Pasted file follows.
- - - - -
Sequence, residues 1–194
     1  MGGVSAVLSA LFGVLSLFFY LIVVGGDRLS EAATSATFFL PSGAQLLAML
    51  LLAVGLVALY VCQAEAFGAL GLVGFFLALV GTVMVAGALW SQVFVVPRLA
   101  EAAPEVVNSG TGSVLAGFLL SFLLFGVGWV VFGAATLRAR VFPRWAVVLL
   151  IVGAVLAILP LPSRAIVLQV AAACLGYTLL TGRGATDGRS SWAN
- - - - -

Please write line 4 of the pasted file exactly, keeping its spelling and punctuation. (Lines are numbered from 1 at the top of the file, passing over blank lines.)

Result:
   101  EAAPEVVNSG TGSVLAGFLL SFLLFGVGWV VFGAATLRAR VFPRWAVVLL